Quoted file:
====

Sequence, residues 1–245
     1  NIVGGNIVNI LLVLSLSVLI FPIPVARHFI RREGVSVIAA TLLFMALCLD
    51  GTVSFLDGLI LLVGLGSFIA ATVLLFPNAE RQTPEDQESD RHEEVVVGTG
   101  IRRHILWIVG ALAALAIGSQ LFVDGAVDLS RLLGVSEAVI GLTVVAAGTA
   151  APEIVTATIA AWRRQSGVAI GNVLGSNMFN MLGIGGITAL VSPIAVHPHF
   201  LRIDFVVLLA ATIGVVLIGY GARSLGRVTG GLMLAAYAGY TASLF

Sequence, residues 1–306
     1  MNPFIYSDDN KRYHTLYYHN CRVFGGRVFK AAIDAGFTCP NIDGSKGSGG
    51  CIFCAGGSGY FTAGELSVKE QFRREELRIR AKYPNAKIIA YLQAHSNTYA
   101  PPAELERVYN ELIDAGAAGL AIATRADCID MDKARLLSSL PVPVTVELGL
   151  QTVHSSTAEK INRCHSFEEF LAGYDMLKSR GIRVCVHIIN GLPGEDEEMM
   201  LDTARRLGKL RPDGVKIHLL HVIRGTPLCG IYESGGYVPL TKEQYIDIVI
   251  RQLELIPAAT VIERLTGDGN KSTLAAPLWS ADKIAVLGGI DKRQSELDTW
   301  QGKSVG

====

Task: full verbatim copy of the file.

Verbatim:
Sequence, residues 1–245
     1  NIVGGNIVNI LLVLSLSVLI FPIPVARHFI RREGVSVIAA TLLFMALCLD
    51  GTVSFLDGLI LLVGLGSFIA ATVLLFPNAE RQTPEDQESD RHEEVVVGTG
   101  IRRHILWIVG ALAALAIGSQ LFVDGAVDLS RLLGVSEAVI GLTVVAAGTA
   151  APEIVTATIA AWRRQSGVAI GNVLGSNMFN MLGIGGITAL VSPIAVHPHF
   201  LRIDFVVLLA ATIGVVLIGY GARSLGRVTG GLMLAAYAGY TASLF

Sequence, residues 1–306
     1  MNPFIYSDDN KRYHTLYYHN CRVFGGRVFK AAIDAGFTCP NIDGSKGSGG
    51  CIFCAGGSGY FTAGELSVKE QFRREELRIR AKYPNAKIIA YLQAHSNTYA
   101  PPAELERVYN ELIDAGAAGL AIATRADCID MDKARLLSSL PVPVTVELGL
   151  QTVHSSTAEK INRCHSFEEF LAGYDMLKSR GIRVCVHIIN GLPGEDEEMM
   201  LDTARRLGKL RPDGVKIHLL HVIRGTPLCG IYESGGYVPL TKEQYIDIVI
   251  RQLELIPAAT VIERLTGDGN KSTLAAPLWS ADKIAVLGGI DKRQSELDTW
   301  QGKSVG